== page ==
There is such a thing as cat whispering and it’s really not that difficult. This new book by self-proclaimed cat enthusiasts John Bradshaw and Sarah Ellis outlines simple ways that owners can make life happier for themselves and their furry four-legged friends.
There are two kinds of people in this world, those who love cats, and those who are wrong. Or, if you want me to be a little less biased, cat people and dog people – no prizes for guessing which category yours truly falls into. One of the biggest gripes dog people seem to have with cats is their brazen ‘up yours’ attitude to anything and everything. A cat will do as it pleases, when it pleases, and there is little if anything you can do to stop them. Dogs are trainable, dogs are reliable, cats, on the other hand, are a law unto themselves.
While the idea of a trained cat might seem contradictory, in ‘The Trainable Cat’, authors John Bradshaw and Sarah Ellis show that stress-induced behaviour in cats, such as shredding furniture and fighting against vet visits, can be prevented, making life happier and healthier for cats and owners alike. Your cat is just as intelligent as the dog next door, and far from being untrainable and ignorant, is continually learning and adjusting its behaviour to outside stimuli. You may assume that when your cat jumps up onto the work surface for the fourth time while you are baking, it is deliberately ignoring your pleas for peace, but have you ever stopped to consider that your response to the cat is actually encouraging it?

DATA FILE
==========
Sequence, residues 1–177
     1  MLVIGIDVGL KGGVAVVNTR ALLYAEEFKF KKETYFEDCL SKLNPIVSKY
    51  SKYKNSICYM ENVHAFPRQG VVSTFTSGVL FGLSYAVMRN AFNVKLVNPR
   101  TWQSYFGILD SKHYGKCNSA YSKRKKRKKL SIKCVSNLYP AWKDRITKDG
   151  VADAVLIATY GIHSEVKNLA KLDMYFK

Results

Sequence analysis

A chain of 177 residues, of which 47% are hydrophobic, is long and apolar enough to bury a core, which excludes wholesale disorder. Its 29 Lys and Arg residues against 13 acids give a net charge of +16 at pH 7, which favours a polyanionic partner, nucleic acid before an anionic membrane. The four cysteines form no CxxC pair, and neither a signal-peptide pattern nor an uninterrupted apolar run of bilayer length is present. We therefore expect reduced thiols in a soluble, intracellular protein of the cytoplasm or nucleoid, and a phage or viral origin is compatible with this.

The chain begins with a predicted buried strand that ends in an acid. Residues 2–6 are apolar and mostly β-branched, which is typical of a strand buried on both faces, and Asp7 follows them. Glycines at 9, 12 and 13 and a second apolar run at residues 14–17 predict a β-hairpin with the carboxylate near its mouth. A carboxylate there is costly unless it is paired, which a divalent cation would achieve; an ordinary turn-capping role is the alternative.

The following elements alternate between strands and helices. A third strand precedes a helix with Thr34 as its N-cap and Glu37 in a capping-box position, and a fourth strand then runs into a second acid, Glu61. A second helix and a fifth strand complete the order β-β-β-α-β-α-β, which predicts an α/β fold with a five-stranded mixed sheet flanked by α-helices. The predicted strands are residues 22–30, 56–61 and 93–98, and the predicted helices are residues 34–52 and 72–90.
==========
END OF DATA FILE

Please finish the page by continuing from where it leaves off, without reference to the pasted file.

Starting from the basics, Bradshaw and Ellis delve into the inner workings of the feline mind, to uncover how and why cats learn the way they do, and what cat owners can do to make training easy for the cat and themselves. Cats have excellent memories, they say, and are therefore perfectly suited to training, but are rather different to dogs and thus have their own specific requirements. Through multiple enlightening and often humorous scenarios, Bradshaw and Ellis lay out different training approaches and programmes that can be used to teach cats by rewarding good behaviour while limiting the less appealing sides of a cat’s psyche – including those that result claw-marked furniture and bloody corpses.
Think you can’t train a cat? Think again! The video below shows one of my own beloved moggies playing fetch cat-sized stick (aka hairpin). A bit of positive reinforcement in the form of delicious cat snacks goes a long way.
This book isn’t just a training manual, though. As well as offering advice for the cat lover who wants to ensure they are getting the most out of their relationship with their humble friend, it’s also packed full of awesome cat-related general knowledge titbits. The geek within me revelled in the discovery that the reason one of my cats sometimes sits with her mouth gormlessly hanging open is because she has smelled something interesting and is literally ‘tasting’ the air. The fact that cats like to seek out tiny spaces to hide is because, as retractably clawed animals, they are unable to dig and so, in the wild, would have had to seek out natural crevices to protect themselves from predators.
This book delivers on random information, psychological insight, scientific analysis and all-round cuteness, securing it a high position on my list of favourite books reviewed for E&T so far. I can’t confirm as yet whether Bradshaw and Ellis’s advice has in fact made life happier for me and my cats, but it has certainly given me a better understanding of crazy and endearing things they do. Whether you want to train your cat, are interested in the inner workings of the feline mind, or are a hard-core ‘dog person’ in need of a ‘reality check’, this book is guaranteed to make you think, smile and truly appreciate the unique personalities of these complex creatures.
This review was first published online for E&T magazine